The word “Dishoom!” is the onomatopoeic Bollywood equivalent of “Kapow!” As such it provides a fitting name for the growing chain of Indian restaurants that has given a wallop of vitality to the food scene in London and beyond. With their first restaurant opening in Shoreditch to great acclaim in 2009, Dishoom have sites as far afield as Birmingham, Manchester, Edinburgh and now Brighton. Permit Room on East Street builds on the brand’s vision of transporting the ambiance of the streets of Mumbai to the welcoming British culinary landscape, bringing with it a palpable sense of history, culture and good food.
The concept of a “permit room” dates back to the years after the 1949 Bombay prohibition when hitherto clandestine front-room establishments could obtain a permit to serve alcohol. That homely aesthetic and café-style seating plan is expanded in the busy warren of the new Brighton premises. There’s a speakeasy feel to the place. Unassuming on the outside, it could be another tiny Lanes coffee shop, but as you enter it spreads out before you like a well-kept secret, bustling with people and activity, the alluring aroma of spice in the air.
The focus here is less on a wide-ranging food menu than on a long list of cocktails with a selection of small to medium dishes to keep you going. It’s a version of Indian cuisine that works well. When every condiment or side is a new taste explosion it pays to have as broad a range of dishes as possible. And the cocktails further add to the palette of tastes with twists on the old classics, some sweet and fruity, some downright dangerous…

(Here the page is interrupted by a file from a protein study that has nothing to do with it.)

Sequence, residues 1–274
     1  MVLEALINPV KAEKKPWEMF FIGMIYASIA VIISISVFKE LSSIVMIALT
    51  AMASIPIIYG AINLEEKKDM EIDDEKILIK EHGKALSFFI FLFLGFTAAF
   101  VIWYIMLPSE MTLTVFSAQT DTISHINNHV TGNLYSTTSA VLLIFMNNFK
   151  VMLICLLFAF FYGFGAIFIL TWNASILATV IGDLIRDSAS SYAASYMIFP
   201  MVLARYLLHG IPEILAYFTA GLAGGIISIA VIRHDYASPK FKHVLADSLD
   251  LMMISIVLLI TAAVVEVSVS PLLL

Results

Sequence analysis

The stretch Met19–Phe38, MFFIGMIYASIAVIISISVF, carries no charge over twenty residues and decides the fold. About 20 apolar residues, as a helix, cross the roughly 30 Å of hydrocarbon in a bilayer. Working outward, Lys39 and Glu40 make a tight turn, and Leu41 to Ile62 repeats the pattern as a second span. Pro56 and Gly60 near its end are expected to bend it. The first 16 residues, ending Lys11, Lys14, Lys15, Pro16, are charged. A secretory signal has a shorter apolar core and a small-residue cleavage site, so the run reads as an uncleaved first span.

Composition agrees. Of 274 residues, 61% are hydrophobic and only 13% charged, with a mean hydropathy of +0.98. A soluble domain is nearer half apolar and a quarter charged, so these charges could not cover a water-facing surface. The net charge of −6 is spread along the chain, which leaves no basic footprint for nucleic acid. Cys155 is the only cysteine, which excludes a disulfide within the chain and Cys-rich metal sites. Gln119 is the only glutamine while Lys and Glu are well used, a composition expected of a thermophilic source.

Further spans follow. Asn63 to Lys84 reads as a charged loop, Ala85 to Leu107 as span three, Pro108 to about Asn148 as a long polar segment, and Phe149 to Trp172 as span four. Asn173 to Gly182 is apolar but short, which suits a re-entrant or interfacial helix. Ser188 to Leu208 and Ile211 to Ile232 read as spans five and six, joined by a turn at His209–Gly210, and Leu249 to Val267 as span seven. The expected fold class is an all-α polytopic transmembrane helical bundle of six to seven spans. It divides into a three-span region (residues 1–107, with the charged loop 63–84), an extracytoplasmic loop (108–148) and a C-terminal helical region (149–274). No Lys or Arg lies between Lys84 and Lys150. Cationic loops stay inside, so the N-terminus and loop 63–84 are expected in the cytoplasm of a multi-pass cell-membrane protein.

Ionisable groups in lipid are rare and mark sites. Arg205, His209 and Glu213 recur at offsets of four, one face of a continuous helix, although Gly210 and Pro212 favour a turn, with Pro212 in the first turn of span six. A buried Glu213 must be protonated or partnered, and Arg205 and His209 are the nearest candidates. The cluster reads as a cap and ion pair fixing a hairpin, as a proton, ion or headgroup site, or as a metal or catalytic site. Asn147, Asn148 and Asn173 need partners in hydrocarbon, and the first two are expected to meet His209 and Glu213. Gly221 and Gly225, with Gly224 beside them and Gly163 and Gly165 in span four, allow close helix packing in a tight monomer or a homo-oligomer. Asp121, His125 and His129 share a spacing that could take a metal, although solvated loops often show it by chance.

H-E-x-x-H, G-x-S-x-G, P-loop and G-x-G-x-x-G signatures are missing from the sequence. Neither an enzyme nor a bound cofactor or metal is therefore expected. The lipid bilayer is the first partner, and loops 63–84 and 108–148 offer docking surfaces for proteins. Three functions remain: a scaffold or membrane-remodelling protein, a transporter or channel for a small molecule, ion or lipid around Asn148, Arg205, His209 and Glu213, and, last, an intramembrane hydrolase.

We started with a couple of sweet fruity selections from the drinks menu. The Permit Room Clover Club (£11) is almost a dessert with its roseal mound of coconut-cardamom foam atop a deep pink liquid that looks like it might just be good old-fashioned children’s party jelly. It is in fact a concoction of sumptuous in-house raspberry and lychee liqueur with gin and a hint of lemon oil. It’s a drink that tastes different with every sip, the smooth foam mellowing the sharpness of the fruit and the bitterness of the gin – rather like the cooling effect of raita accompanying a curry. The Marmalade Mimosa (£9) is a simpler fruity delight: homemade marmalade liqueur and fresh red grapefruit juice combined with Integrale organic sparkling wine. It’s a gentler aperitif, but one bursting with the punch of real fruit.